Inspecting an Eagle Coach
“Several have inquired about a pre-purchase inspection. Here’s a checklist I posted on the Eagle Board a few years ago. I made the Inspecting an Eagle list and hope it helps.”
Inspecting an Eagle Front Electrical and Air Panel
- On Model 05 and Model 10, walk up to the coach and open the lower access door under the driver’s window. If it is all rusted out this is a good indicator of things to come. If it looks ok, open the upper access door above it. This is the forward electrical compartment. Have a good look at the wiring for corrosion and hopefully the Eagle wire numbers are still on the wiring which will make identifying the circuits easier. If you are really lucky the inside of the door will have a readable wiring diagram there.
- On the Model 15 and Model 20 the process is the same but there is only one larger door that will need to be opened.
- You can learn more in the Eagle Manuals. Section 10 in the parts manual covers the electrical systems of the Eagle coach.
Inspecting an Eagle Body and Skins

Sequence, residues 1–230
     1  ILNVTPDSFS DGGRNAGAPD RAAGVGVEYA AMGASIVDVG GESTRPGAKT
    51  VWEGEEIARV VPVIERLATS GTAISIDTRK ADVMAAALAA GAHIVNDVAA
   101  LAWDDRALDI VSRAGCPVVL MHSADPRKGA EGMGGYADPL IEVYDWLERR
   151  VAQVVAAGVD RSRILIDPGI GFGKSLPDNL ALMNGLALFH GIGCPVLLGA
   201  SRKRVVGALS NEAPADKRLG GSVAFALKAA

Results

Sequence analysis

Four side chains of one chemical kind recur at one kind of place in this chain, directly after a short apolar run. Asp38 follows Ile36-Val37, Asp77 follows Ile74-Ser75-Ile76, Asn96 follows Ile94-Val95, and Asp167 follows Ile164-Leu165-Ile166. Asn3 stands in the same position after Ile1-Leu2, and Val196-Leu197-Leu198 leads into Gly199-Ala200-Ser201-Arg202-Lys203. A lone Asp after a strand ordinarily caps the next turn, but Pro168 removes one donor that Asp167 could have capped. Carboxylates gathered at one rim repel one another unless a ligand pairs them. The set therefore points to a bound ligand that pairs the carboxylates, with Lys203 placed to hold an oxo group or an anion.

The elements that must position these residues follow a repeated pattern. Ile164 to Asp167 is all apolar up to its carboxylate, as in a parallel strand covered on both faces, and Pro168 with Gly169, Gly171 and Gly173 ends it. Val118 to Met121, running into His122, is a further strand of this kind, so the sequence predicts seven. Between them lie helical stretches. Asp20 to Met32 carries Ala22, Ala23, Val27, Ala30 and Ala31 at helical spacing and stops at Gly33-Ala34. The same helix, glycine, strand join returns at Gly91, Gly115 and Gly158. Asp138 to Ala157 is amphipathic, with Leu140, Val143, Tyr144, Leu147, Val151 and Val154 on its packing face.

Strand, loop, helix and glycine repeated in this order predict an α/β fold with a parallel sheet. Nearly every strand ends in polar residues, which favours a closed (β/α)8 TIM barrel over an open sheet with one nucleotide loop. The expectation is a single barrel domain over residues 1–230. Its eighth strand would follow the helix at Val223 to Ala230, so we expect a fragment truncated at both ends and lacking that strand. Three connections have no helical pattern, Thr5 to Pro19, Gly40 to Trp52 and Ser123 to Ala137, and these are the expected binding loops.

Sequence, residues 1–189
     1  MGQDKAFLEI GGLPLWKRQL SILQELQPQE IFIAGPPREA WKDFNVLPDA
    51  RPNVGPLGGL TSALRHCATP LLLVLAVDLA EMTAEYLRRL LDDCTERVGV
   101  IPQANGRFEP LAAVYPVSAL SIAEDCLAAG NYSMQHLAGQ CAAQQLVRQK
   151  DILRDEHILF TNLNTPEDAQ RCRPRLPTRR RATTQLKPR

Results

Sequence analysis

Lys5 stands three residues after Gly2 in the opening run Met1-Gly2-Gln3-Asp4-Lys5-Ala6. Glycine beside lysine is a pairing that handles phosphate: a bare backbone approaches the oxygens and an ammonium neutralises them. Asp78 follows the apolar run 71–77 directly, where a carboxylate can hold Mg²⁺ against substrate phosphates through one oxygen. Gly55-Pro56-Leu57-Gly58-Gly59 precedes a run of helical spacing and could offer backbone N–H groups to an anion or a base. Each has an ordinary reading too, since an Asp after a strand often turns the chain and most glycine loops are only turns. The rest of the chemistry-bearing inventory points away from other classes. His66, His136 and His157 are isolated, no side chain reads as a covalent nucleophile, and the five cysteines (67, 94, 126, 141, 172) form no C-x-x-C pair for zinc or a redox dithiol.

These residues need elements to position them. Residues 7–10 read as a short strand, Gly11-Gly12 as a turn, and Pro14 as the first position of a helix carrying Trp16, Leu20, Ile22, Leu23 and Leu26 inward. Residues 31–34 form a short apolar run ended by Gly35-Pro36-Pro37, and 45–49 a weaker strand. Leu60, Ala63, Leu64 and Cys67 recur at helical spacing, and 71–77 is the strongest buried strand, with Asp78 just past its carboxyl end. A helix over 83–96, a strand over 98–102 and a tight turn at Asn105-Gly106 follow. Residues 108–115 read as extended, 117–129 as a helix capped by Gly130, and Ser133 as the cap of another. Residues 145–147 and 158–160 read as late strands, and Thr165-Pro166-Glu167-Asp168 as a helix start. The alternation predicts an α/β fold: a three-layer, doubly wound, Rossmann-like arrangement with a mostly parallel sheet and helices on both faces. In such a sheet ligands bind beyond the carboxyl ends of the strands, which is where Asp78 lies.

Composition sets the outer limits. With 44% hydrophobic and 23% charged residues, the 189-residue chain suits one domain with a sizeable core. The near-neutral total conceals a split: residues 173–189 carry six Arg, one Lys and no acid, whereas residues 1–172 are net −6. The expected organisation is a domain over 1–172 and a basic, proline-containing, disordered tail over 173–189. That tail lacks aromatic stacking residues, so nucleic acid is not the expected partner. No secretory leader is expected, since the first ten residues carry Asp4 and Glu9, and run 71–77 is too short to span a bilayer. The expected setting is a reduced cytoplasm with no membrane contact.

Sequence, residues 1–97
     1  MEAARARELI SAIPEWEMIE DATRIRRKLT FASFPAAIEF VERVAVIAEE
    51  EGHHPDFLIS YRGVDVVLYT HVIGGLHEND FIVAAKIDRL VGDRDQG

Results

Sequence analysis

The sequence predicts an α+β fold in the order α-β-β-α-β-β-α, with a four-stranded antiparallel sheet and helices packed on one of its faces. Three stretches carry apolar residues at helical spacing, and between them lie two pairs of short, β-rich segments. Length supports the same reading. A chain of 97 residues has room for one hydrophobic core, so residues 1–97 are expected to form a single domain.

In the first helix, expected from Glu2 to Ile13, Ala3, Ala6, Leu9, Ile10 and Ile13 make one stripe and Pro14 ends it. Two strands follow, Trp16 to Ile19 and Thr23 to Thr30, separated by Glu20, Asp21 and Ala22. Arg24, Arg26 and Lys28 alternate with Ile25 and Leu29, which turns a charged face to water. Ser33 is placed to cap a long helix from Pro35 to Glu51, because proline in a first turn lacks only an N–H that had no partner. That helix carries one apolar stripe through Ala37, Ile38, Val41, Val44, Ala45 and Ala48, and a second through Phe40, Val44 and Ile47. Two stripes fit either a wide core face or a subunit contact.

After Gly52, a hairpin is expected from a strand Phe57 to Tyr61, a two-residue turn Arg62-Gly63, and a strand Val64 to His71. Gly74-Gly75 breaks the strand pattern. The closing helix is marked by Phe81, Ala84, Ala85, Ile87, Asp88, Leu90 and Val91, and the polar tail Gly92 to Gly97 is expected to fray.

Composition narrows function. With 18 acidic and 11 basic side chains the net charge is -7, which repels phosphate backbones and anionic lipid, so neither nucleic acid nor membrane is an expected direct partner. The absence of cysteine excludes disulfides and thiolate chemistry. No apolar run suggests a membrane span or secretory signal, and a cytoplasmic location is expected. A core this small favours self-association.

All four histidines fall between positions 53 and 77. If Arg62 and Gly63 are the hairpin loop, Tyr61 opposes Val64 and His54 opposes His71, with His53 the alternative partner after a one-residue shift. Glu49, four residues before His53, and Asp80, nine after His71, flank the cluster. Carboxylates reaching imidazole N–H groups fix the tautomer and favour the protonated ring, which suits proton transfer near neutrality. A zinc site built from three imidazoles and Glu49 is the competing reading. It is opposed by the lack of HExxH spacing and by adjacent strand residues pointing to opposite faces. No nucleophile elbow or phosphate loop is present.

- Sight down both sides of the bus skin. Is it buckled or wavy?
- Inspect the leaderboard (metal above the fluted siding). Look for waves and bubbling. Wrinkles underneath the first window or near the rear windows can indicate bulkhead fatigue. Those same issues may also manifest in the car line between the 2nd and 3rd window.
Inspecting an Eagle Spare Tire Compartment
- Remove the front bumper and crawl up in the spare tire compartment.
- Look at the steering box and look for previous damage or rust. A tech bulletin was released pertaining to the power steering mount. Make sure that the mounts are solid and not displaying rusting or cracking.
- Inspect the metal under the entry stairs for rust.
- Check the steering draglink for movement/play.
- If driver HVAC equipped check, inspect the condition of the core, fan, and wiring.
- Check the condition of airlines under the driver’s area.
Steer Axle Area